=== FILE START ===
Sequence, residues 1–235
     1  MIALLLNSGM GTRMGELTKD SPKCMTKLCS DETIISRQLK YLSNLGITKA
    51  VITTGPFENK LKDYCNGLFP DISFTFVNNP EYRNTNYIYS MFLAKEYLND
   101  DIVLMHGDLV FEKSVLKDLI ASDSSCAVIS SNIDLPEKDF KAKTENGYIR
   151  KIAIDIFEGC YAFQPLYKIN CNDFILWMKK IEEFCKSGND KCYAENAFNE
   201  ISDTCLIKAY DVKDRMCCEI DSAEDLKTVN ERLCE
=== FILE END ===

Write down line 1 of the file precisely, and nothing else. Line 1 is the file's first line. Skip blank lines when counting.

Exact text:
Sequence, residues 1–235